• February. DaimlerChrysler shows the five-seat, ~70-mpg, thermoplastic/aluminum ESX-3 with 1.5-liter diesel hybrid, lithium-ion buffer battery, at estimated price of $28,500.
  • March. Ballard announces an automotive PEM fuel cell goal of $20 per kilowatt stacks and $80 per kilowatt systems.
  • April/May. Three German firms offer hydrogen-powered fuel-cell buses for sale.
  • May. GM says its "long-term vision is of a hydrogen economy." Texaco enters the fuel-cell/H2 business with ECD/Ovonics. The TES consortium (DaimlerChrysler, BMW, VW, MAN, Shell, ARAL, RWE, and the German government) switches its default fuel choice from methanol to direct hydrogen.
  • June. Ford confirms its chairman's view that 20 percent of cars on the road by 2010 will be hybrid-electric. GM aims to make "hundreds of thousands of fuel-cell vehicles annually before the end of the decade."
  • August. GM says it will always stay ahead of Ford, confirms that within a few years it will be selling full-sized, hybrid-electric pickup trucks. Environmentalists cheer the combatants on. Several California cities confirm commercial orders for fuel cell buses.
  • September. Volkswagen's chairman targets 2003 production of the 1 liter/100 km (236 mpg) city car, mainly carbon fiber and apparently an engine hybrid.
  • October. GM sells its first hybrid buses. Daimler-Chrysler slates a 20 percent-more-efficient Dodge Durango hybrid for 2003, and shows a doubled-efficiency luxury fuel cell SUV. Ballard's chairman confirms several automakers will start 2003 low-volume production of fuel cell cars.
  • November. BMW reports a carbon fiber concept car, saying that it is "absolutely feasible" that production could start within five years. -C.J.L.

Do you contend that parked cars with fuel cells will actually displace central power stations?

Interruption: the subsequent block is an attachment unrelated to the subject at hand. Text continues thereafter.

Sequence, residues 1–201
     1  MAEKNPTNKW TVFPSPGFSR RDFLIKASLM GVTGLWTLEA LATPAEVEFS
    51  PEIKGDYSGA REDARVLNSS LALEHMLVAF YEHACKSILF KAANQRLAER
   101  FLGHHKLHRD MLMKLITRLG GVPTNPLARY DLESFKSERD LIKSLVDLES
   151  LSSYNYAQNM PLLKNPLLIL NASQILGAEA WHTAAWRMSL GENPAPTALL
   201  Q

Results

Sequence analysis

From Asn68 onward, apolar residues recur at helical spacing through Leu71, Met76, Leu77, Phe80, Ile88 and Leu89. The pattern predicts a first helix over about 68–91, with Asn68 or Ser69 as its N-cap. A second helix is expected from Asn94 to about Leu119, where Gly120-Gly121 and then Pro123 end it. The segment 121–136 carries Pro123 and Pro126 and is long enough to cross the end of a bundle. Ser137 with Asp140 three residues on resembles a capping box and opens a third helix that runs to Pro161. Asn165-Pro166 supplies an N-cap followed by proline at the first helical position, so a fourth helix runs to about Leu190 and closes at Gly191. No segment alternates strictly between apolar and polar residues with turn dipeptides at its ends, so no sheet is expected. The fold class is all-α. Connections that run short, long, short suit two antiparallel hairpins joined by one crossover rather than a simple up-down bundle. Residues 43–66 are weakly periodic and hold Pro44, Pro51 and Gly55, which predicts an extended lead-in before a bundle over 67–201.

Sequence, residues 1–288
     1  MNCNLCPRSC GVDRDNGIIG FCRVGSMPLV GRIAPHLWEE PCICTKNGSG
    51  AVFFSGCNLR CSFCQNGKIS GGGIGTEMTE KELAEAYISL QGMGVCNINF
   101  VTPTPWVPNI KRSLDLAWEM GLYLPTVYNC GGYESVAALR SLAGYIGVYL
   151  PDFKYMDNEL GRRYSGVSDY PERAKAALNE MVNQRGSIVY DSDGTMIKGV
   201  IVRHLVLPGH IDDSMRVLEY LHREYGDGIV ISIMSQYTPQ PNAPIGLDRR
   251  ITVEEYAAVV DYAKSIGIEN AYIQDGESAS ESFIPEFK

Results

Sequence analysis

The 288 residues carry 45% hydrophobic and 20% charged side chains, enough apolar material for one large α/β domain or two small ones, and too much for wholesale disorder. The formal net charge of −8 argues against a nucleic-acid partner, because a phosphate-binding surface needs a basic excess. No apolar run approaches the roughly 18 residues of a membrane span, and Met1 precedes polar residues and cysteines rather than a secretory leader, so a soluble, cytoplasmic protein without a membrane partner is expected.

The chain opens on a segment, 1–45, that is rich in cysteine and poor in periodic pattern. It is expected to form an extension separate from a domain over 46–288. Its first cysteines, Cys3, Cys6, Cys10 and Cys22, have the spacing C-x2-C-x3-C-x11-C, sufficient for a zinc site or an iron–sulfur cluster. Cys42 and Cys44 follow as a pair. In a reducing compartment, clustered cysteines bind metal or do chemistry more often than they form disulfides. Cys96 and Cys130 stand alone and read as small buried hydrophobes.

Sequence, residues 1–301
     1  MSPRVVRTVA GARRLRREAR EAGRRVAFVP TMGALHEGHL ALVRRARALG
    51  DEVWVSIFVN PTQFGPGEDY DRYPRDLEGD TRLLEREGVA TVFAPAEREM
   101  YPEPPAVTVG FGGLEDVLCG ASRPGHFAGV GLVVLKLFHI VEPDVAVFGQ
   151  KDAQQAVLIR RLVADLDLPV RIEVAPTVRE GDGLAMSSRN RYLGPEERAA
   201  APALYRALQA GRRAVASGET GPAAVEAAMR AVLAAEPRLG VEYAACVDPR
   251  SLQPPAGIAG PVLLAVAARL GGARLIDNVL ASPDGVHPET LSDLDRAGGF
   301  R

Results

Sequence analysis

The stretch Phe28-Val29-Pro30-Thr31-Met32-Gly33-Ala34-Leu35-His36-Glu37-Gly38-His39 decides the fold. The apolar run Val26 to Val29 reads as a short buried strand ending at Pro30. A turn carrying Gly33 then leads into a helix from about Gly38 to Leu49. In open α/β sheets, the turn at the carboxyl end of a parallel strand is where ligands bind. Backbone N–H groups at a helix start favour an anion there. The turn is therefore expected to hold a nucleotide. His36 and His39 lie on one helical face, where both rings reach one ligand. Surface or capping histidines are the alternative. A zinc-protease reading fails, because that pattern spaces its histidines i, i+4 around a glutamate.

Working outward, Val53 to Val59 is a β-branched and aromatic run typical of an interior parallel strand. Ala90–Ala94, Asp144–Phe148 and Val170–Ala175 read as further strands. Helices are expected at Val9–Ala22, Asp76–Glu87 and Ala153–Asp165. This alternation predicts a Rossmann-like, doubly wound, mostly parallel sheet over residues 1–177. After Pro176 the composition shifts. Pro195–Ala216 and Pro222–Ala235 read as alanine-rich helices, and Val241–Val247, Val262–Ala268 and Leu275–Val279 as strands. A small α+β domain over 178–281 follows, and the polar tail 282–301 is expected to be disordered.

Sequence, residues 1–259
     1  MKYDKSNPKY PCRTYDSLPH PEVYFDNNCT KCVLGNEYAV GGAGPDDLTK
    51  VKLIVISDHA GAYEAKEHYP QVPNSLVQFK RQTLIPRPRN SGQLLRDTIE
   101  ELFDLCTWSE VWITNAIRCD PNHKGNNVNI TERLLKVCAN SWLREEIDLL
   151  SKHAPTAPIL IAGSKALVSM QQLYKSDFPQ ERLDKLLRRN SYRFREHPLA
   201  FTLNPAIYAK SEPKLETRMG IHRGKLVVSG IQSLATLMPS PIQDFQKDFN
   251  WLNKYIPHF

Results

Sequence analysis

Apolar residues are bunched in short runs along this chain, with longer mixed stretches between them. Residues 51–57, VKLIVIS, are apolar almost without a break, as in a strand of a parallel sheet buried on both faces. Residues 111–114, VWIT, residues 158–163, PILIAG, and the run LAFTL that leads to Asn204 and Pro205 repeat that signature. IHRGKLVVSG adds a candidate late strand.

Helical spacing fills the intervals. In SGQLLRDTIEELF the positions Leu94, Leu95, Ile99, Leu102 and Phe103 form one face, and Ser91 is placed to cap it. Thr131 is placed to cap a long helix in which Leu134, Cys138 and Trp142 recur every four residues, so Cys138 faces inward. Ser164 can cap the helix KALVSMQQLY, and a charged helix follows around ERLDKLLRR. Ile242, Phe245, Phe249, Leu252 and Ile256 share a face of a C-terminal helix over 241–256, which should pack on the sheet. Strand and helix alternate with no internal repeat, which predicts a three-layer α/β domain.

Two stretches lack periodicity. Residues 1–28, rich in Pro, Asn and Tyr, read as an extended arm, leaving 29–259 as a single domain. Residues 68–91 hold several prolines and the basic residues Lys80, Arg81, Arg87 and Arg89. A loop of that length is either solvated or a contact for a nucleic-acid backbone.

There are many other competing ways of providing electrical services. Most of the electricity now sold could be more easily displaced by end-use efficiency. ... I'm speaking to you from a 4,000-square-foot house, for example, whose household functions use five bucks a month worth of electricity. ...

Then there is competition from improved grid efficiency, which buys you a few percent, and from, of course supply-side resources. I think there, we will see—and we're already seeing—a dramatic shift toward distributed resources. ... Plug-in Hypercar vehicles would, of course, be one of the competitors, and I think they would be a pretty effective one because the car is already paid for as a means of mobility, the hydrogen production will already be largely paid for for other purposes like running fuel cells in buildings ... and the infrastructure necessary to connect parked cars to nearby hydrogen sources and to the grid is the only significant marginal investment, and it's pretty small. ... Of course you'll be providing the electricity at the time and place where it's most valuable, so with real-time pricing and locational rents, it should be a very attractive part of the automotive value proposition.

... [A] full Hypercar fleet in, say, the United States would represent about five or 10 times the generating capacity that all power companies now own. So, it doesn't take many people accepting the value proposition of earning back maybe up to a third or a half the cost of owning their car this way to put at least all the central stations out of business, and I think it would give the other distributed resources a run for their money.

Once we manufacture hydrogen right at the gas wellhead, as you suggest, would converting natural gas pipelines for hydrogen transport leave downstream gas users out in the cold?

I think some of the gas pipelines would continue to carry natural gas, but others would gradually shift over to hydrogen. Basically, the newest gas pipelines often have metallurgy and seals that are suitable for carrying hydrogen. The old ones, typically at an intra-city and distribution level, often do too, because many of them are used to carry town gas, which has a high hydrogen content. The bulk of the [middle-aged] trunk pipelines would require conversion which can apparently be done at reasonable cost ... and of course the compressors would have to be changed. ...

Could power producers convert their natural gas turbines to run off hydrogen?

Yes, in fact, there is a lot of aerospace work on hydrogen turbines, and Boeing among others has done a lot of work on a liquid hydrogen fuel aircraft concept, which could be quite advantageous because although the liquid hydrogen is moderately bulky, it's much lighter per unit of energy than aviation kerosene because you're not carrying the carbon. ... So you could use hydrogen in everything from domestic cooking—which they did in the days of town gas, more or less—to both micro- and macro-turbines.